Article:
July 3, 2019 - by

Eight Months After Michael, Robinson Leads ‘Win Within’ Camp

TALLAHASSEE, Fla. – Janarius Robinson first had the idea two years ago, during his freshman season at Florida State.

After seeing his hometown of Panama City, Fla., besieged by a rash of violence, Robinson daydreamed about holding a free youth football camp that could give area kids something to smile about while showing the promise of a bright future.

But the demands of being a full-time, Division I student-athlete left Robinson with little free time, and the idea stayed just that – an idea.

Then came Hurricane Michael.

The Category 5 storm devastated the Florida panhandle last fall, causing an estimated $25 billion in damage. Panama City was among the hardest-hit areas, and by the time the storm was gone, Robinson’s family had lost its home.

That’s when Robinson knew that, free time or not, he had to do something.

“The hurricane came in October, and something just told me I needed to do it,” Robinson said. “Because of lot of kids got affected by it and went through it and were there.”

Robinson’s dream became a reality last weekend, when he and a handful of Florida State teammates led the first Win Within Football Camp at Panama City’s Tommy Oliver Stadium.

On a packed field that featured 200 campers, Robinson put area youth through the football paces – agility drills, position drills, 7-on-7 games and sprint races.

Campers were given lunch, a camp shirt, and plenty of face time with some of their favorite FSU football players.

Joining Robinson were current Seminoles Hamsah Nasirildeen, Joshua Kaindoh, Tre’ McKitty, Jaleel McRae, Leonard Warner III, Derrick McLendon II, Chaz Neal, Deonté Sheffield and Amari Gainer.

The camp had NFL pedigree, too. Washington star Chris Thompson, an FSU running back from 2009-12, was in attendance, as was Robinson’s old roommate, Brian Burns. Burns was drafted by Carolina in the first round of the 2019 NFL draft a few months ago.

“For those guys to come to my hometown with me and support me through what I’m doing with the camp, it really meant a lot,” Robinson said. “And it showed me that my teammates have my back in anything that I do.”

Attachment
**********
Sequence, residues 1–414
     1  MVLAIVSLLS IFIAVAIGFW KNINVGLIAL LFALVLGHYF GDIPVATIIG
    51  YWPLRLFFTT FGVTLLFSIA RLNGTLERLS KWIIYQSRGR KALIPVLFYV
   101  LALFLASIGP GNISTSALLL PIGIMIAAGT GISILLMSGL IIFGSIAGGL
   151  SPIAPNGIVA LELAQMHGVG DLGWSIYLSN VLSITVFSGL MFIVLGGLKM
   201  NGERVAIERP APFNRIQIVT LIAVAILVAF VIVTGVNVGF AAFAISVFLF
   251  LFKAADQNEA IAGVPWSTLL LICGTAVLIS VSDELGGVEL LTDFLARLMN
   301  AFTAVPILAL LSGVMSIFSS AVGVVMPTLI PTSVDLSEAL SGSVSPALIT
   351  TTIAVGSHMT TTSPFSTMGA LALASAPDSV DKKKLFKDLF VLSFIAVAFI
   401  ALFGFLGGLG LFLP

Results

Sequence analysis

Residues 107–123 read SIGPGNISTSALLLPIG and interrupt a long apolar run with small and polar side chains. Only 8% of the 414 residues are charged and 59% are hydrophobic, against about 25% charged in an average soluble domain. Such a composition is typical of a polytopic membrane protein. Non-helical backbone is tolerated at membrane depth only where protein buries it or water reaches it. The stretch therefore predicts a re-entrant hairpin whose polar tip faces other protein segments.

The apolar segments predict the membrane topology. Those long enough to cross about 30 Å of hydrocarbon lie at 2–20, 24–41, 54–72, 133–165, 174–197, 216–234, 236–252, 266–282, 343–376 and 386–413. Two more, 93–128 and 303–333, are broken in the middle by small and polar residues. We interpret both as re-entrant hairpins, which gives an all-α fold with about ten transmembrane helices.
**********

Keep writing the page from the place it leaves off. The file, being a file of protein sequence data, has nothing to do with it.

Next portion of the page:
Added McKitty: “He’s doing a great thing for his city back home, and that’s something I wanted to be a part of.”

Panama City, about 90 minutes west of Tallahassee, has a proud football tradition that boasts fierce high school rivalries, plenty of players that have made their marks at the collegiate level and more than a few who landed in the NFL.

Robinson, though, can’t remember another Panama City football player to come back and host a camp for younger generations.

Thinking about how much he would have loved a camp experience as a kid made his decision that much easier.

“I wanted to change it up,” he said. “I was able to do it, so why not do it?

“And show those kids that I’ve been through the same struggles as them. If I can do it, they can, too.”

It’s been nearly eight months since Michael hit, and while the national focus has turned elsewhere, recovery in Florida is still slow-going.

Robinson said that his family and friends in Panama City have “good days and bad days” as they continue adjusting to their new normal, although he’s still holding out hope that things are moving in the right direction.

Safe to say that Saturday was a good day.

“That’s what it’s all about,” Robinson said, “getting these kids’ minds and these parents’ minds off of it and giving them something positive to look at.”

Both Robinson and McKitty believe that type of attitude has become a big part of the FSU football team.

The Seminoles over the last few months have taken part in dozens of community service projects, both around the state and the globe.

A few months ago, McKitty, Caleb Ward and Michael Barulich were part of a group of FSU student-athletes that spent a week in Argentina with the FSU Fellowship of Christian Athletes.

Just last weekend, a group of incoming FSU freshmen joined former Seminole star Nigel Bradham for a youth football camp in his hometown of Crawfordville, Fla.

And the Seminoles will gather at their Indoor Practice Facility later this month for their annual “Lift for Life” fundraiser. This year’s iteration is being spearheaded by linebacker DeCalon Brooks.

“People don’t always get to see the real us,” Robinson said. “So us going back in the community, showing people that we care and we’re regular people that have a platform to help out people, it really means a lot.”

Related Articles